Thai king’s body at Grand Palace for people to pay respects
A royal convoy led by a van carrying the remains of Thai King Bhumibol Adulyadej drove to the Grand Palace in Bangkok’s historic centre on Friday where the body will remain for people to pay respects to the monarch revered by many Thais as their father and a demigod.
Bhumibol died on Thursday at age 88 at Siriraj hospital, which had been his virtual home for years as doctors treated him for various illnesses afflicting his lungs, liver, kidneys, brain and blood.
The convoy drove the short distance across the Chao Phraya river to the sprawling Grand Temple complex, a major tourist attraction replete with resplendent palaces, museums and temples.
Thousands of people sat four to five rows deep on both sides of the road, sobbing openly and bowing deeply as the convoy passed. Most held portraits of the king in regal yellow robes.
Some without portraits pulled currency notes from their wallets -- all bank notes carry the king’s face. Many had camped 24 hours since on Thursday.
Most Thais had known no other king. Bhumibol, the world’s longest-reigning monarch, had been on the throne for 70 years.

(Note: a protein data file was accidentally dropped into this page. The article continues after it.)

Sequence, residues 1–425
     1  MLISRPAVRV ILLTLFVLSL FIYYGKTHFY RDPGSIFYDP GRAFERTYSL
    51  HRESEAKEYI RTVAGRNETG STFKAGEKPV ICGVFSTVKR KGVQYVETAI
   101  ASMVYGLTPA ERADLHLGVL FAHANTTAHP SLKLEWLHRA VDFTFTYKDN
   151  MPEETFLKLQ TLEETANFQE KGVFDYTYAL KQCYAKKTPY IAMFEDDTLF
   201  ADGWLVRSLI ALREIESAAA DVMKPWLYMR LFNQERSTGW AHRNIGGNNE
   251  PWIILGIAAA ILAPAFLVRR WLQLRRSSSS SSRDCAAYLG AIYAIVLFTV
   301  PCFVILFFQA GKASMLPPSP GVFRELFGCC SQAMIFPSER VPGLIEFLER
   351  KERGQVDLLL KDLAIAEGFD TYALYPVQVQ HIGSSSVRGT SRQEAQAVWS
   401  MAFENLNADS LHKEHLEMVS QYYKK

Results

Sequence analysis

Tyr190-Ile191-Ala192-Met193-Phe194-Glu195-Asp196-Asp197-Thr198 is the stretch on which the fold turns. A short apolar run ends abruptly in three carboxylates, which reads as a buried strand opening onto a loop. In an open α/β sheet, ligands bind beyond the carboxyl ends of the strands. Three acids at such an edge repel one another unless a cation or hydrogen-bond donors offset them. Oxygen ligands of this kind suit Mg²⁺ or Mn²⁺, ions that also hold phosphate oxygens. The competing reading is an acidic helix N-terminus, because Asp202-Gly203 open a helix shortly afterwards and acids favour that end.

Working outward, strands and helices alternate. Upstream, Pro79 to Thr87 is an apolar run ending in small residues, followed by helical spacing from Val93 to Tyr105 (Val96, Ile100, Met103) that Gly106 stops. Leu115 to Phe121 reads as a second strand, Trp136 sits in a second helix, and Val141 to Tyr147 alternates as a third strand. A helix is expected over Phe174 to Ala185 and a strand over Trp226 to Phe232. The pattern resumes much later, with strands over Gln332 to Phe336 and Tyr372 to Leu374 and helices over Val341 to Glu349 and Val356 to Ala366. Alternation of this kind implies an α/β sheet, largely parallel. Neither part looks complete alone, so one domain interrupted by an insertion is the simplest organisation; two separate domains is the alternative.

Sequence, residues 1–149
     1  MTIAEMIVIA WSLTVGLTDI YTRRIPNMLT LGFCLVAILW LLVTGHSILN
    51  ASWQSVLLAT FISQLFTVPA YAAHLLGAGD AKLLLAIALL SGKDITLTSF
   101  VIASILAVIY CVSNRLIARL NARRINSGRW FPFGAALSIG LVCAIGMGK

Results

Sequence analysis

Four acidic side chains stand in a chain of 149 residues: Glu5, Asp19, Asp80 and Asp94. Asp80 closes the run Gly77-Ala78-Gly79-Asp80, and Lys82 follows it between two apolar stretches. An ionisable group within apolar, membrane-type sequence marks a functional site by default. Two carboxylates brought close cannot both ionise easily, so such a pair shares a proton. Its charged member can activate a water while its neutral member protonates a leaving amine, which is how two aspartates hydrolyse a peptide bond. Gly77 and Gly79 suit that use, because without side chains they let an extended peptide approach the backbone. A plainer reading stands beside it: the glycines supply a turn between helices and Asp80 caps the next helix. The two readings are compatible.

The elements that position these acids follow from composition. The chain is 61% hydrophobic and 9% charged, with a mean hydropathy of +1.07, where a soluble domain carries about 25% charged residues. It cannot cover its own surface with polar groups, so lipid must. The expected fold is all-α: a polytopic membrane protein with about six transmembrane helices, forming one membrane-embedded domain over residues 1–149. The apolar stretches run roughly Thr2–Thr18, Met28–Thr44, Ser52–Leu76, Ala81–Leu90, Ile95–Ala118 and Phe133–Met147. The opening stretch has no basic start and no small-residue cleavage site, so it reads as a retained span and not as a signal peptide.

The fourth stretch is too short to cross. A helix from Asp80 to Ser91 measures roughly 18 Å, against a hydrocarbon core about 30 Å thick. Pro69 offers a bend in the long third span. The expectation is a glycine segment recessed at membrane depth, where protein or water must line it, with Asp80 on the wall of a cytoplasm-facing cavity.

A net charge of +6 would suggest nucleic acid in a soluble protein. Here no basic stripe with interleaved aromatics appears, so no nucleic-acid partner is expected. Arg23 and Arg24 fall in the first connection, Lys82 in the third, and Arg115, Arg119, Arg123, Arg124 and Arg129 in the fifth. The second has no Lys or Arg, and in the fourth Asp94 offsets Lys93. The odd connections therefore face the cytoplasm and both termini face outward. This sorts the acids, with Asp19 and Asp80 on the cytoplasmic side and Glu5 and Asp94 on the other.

His son, Crown Prince Maha Vajiralongkorn, who is to ascend the throne, followed the king’s body in a yellow Mercedes van. Accompanying Vajiralongkorn was his consort, Lt. Gen. Suthida Vajiralongkorn na Ayudhaya. Behind them were dozens of cars.
The body will lie at the Temple of the Emerald Buddha, or Wat Phra Kaew, inside the Grand Palace complex for an undisclosed duration. No date has been set for the cremation.
“I wanted to send his majesty off for the last time. When I got here the atmosphere was so sad, and everyone had the same emotions,” said Win Weeraprateep, 27, an office worker waiting along the convoy route for two hours. “When I heard the news (of the king’s death) I lost my breath. I couldn’t believe that it was real. I didn’t want to work, I didn’t want to have fun,” he said. “I just don’t want to do anything anymore.”